So the way you make fair comparisons is to do some kind of adjustment for risk — this is done with regular mortality rates all the time. For example, this data set of county-level mortality rates by cause over time has age-adjusted mortality rates so you can compare trends.

If they didn’t do the age-adjustment of mortality rates, you might be mainly comparing that one county in 1980 had a lot of old folks in it and one county in 2010 had a bunch on youngsters. Old people have relatively high rates of dying of pneumonia; youngsters have relatively high rates of dying violent deaths (suicide, homicide, car accidents). You don’t want to bias the data so that you’re looking at age trends instead of actual mortality trends.

Here is an example of how age-adjusted mortality rates are computed.

Now, when you collapse high-dimensional info like death distribution over various ages, you lose some insight from the data, but it does make it easier to make comparisons on other dimensions, like noting if a specified population not reduced by risk-adjustment is showing disparities in mortality. Then one can dig more into the age-related aspect. That’s what has happened in looking at the alcohol/drug overdose mortality spikes among white people, later focused down to middle-aged white people without college degrees. But that’s for another time.


Risk-adjusted rates for mortality after surgery is more complicated, and I checked out the quality measures at the Society of Thoracic Surgeons. There sure are a lot of them there.

Let me pull a relevant one:

Congenital Heart Surgery Measures
Outcome Measure

Operative Mortality Stratified by the Five STS-EACTS Mortality Categories
NQF # 0733

NQF Status

Date of Endorsement

Operative mortality stratified by the five STS-EACTS Mortality Levels, a multi-institutional validated complexity stratification tool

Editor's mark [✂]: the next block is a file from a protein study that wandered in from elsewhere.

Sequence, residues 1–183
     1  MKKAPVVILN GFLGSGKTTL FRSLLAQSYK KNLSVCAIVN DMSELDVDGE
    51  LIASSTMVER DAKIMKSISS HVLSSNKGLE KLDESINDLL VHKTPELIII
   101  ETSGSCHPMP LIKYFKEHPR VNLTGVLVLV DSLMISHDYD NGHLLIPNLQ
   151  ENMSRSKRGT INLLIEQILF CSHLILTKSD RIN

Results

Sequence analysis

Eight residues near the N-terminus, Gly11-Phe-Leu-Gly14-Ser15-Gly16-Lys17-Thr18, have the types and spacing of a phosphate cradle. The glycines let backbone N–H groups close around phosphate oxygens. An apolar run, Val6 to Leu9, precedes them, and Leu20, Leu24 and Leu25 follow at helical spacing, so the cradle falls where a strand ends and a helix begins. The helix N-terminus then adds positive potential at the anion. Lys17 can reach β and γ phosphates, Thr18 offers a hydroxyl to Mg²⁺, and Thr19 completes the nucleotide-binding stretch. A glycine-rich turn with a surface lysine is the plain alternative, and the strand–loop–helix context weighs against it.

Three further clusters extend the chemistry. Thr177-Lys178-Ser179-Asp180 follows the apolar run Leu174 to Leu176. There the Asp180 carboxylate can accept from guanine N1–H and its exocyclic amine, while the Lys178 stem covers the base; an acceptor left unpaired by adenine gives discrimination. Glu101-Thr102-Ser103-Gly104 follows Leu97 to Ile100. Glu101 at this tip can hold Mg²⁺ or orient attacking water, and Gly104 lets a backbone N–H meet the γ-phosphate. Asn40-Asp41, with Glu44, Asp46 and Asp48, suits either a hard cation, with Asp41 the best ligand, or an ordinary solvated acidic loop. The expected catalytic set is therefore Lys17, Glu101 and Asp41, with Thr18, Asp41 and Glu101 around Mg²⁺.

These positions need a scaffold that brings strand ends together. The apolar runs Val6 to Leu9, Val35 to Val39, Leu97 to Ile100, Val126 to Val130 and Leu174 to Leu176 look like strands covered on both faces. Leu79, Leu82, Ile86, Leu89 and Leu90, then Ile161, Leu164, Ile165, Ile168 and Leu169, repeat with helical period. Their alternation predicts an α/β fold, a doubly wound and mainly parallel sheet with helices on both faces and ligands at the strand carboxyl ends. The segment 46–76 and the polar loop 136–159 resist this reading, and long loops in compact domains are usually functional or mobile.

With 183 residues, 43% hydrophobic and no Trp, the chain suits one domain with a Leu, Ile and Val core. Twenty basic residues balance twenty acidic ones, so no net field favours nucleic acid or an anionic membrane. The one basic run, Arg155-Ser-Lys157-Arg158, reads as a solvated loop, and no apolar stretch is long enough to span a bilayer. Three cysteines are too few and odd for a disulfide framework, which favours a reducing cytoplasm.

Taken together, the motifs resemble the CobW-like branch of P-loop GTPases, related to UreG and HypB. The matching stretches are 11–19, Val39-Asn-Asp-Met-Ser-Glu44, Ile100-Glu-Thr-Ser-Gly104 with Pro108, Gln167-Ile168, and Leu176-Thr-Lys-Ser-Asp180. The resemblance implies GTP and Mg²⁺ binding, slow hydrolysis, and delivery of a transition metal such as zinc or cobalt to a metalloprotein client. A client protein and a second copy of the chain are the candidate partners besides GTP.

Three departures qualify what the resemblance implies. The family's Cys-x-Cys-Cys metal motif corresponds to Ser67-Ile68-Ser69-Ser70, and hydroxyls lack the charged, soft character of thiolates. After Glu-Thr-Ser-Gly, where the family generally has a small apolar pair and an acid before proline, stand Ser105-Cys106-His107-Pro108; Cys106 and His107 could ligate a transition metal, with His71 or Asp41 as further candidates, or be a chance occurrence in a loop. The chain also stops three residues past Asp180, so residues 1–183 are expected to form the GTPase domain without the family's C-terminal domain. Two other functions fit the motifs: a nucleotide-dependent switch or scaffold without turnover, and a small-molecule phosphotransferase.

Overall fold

Number of patients who undergo pediatric and congenital open heart surgery and die during either of the following two time intervals: 1.) Prior to hospital discharge 2.) Within 30 days of the date of surgery

Number of index cardiac operations in each level of complexity stratification using the five STS-EACTS Mortality Levels, a multi-institutional validated complexity stratification tool

Measure Exclusions
Any operation that is not a pediatric or congenital Cardiac Operation. Cardiac operations are defined as operations that are of operation types of “CPB” or “No CPB Cardiovascular” (CPB is cardiopulmonary bypass.) [1].
Any operation that is a pediatric or congenital open heart surgery (operation types of “CPB” or “No CPB Cardiovascular”) that cannot be classified into a level of complexity by the five STS-EACTS Mortality Levels.

1.Jacobs JP, Mavroudis C, Jacobs ML, Maruszewski B, Tchervenkov CI, Lacour-Gayet FG, Clarke DR, Yeh T, Walters HL 3rd, Kurosawa H, Stellin G, Ebels T, Elliott MJ. What is Operative Mortality? Defining Death in a Surgical Registry Database: A Report from the STS Congenital Database Task Force and the Joint EACTS-STS Congenital Database Committee. The Annals of Thoracic Surgery, 81(5):1937-41, May 2006.

The adjustment being used for the STS rate is far more complicated than simply taking the number of deaths and dividing by the number of operations.

Oh, the numerator is the same, but the denominator is adjusted. CNN did absolutely no adjustments, and compared the raw 12.5% with an adjusted number. And they knew it.

From the court doc:

FWIW, the plaintiff has not yet won his case, and CNN and the plaintiff could end up settling out of court. This ruling simply allows him to continue with his lawsuit.

But it will be interesting if the reporting standard becomes that media may find themselves on the receiving end of defamation/libel lawsuits if they deliberately use misleading statistics.

Perhaps journalists should look into something like ASOP 41: Actuarial Communications or perhaps Actuarial Code of Conduct, Precept 8.

Not that I think it would do much — when the point is to gin up a big story out of nothing, because you have nothing substantive to report on… well I don’t think that’s going to change anything.

Also, actuaries have their own problems with communications.